New legislation dedicated to paralyzed New Jersey girl
March 29, 2012
A 15-year old New Jersey girl’s paralysis that resulted from a road rage accident a number of years ago is now the motivating factor behind a proposed piece of legislation. The legislation is named for Jessica Rogers and would escalate any road rage assault causing a bodily injury to a third-degree offense.
The young girl was paralyzed from the chest down while a passenger in the car when the accident in question occurred. The driver of the car became enraged at being cut-off in traffic, attempted to chase the car down that cut the driver off and ultimately crashed into a telephone pole. The driver was ultimately only sentenced to six months in jail and 5-years of probation.
The legislation has unanimously passed both the Senate and the Assembly and is now awaiting the signature of the governor. In light of what did occur it is quite understandable why such legislation has been proposed, but such legislation in itself does not deal with the injuries that the young girl suffered. Such an injured party requires some sort of compensation.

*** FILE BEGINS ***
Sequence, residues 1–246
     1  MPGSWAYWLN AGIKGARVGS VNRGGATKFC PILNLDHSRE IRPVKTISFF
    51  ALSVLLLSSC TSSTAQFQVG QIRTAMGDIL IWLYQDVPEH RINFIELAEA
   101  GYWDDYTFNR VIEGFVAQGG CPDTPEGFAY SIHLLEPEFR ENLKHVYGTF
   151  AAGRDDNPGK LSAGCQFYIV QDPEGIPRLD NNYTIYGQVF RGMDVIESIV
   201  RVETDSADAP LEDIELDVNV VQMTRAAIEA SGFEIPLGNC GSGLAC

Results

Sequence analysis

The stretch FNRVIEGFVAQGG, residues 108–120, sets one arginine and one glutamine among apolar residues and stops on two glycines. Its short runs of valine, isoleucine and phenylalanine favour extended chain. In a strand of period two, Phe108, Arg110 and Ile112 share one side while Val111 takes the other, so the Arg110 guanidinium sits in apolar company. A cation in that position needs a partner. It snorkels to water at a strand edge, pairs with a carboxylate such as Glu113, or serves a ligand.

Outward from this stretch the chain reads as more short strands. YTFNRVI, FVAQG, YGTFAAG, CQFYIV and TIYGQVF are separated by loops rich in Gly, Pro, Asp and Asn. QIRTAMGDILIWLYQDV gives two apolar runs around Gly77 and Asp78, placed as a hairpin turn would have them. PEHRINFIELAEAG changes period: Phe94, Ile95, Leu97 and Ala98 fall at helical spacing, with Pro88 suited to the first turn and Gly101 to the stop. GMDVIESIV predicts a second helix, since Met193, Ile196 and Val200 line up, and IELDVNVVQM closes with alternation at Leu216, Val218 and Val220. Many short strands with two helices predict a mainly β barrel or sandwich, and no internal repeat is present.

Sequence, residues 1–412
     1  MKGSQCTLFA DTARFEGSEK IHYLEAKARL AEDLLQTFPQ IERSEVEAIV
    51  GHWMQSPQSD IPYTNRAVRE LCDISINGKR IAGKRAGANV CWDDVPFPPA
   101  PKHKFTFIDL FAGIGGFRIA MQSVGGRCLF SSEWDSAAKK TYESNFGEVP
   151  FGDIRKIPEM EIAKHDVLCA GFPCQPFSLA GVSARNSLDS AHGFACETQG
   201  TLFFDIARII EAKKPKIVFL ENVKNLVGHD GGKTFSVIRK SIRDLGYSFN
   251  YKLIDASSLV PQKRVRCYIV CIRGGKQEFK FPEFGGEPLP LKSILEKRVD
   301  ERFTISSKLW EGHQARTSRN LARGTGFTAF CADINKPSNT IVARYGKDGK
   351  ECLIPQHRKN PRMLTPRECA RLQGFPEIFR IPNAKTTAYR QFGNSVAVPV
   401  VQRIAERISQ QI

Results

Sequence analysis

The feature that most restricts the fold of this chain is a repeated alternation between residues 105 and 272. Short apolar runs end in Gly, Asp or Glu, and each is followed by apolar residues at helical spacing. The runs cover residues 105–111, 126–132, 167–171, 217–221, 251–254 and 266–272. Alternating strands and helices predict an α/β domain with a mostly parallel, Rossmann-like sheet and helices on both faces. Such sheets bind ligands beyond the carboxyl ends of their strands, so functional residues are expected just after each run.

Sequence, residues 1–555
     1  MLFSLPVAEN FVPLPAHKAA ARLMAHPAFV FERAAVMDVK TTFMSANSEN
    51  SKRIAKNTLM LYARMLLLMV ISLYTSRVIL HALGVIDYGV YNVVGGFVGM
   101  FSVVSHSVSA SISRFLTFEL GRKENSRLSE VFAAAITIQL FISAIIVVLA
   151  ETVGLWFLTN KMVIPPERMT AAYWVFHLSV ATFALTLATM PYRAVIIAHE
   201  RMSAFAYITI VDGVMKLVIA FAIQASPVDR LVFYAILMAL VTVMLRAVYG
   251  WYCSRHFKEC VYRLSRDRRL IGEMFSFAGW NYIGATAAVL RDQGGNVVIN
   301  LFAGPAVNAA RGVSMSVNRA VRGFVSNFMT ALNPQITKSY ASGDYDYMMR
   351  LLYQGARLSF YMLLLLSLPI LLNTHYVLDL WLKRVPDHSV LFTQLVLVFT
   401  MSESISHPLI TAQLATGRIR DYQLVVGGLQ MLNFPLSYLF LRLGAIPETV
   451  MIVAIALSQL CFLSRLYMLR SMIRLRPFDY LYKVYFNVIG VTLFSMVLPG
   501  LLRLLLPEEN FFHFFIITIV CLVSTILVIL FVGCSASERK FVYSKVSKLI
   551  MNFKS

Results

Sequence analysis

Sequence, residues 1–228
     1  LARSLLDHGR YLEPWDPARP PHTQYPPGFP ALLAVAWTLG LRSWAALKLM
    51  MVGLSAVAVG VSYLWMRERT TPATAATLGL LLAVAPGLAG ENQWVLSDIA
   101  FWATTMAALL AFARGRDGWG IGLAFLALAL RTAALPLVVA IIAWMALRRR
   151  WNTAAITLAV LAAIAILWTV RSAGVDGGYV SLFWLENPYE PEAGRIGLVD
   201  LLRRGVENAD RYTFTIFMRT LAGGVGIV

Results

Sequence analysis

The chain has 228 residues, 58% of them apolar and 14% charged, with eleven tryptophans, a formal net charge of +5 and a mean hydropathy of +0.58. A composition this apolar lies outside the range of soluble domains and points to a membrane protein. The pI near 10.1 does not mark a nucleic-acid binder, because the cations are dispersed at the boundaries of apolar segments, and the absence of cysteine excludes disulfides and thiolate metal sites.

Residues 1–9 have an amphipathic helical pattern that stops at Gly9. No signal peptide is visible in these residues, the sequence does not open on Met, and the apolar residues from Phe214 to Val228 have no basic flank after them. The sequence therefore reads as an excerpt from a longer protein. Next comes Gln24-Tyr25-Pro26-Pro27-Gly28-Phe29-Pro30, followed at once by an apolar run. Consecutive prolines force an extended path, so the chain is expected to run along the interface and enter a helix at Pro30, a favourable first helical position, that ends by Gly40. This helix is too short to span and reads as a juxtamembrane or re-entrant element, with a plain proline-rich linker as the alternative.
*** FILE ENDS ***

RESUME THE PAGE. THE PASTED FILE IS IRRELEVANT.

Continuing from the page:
There are few types of injuries ultimately as devastating as spinal cord injuries. The individual responsible for such an injury has taken away the injured party’s ability to live an ordinary life, has made them dependent on a lifetime of other’s services, has forced the person to endure extreme pain and suffering, has decreased the quality of life for that person in almost every respect, and has probably greatly shortened the injured party’s life substantially.
Though it would never completely make up for their loss, those suffering a spinal cord injury due to the negligence of others badly require compensation just to survive and receive the care that they require and deserve. Attorneys that have represented such parties in the past understand the suffering they must endure and will push for a settlement that will at least provide a certain amount of care.
Source: Daily Record, “NJ Legislature OKs road-rage penalties,” by Bob Jordon, March 15, 2012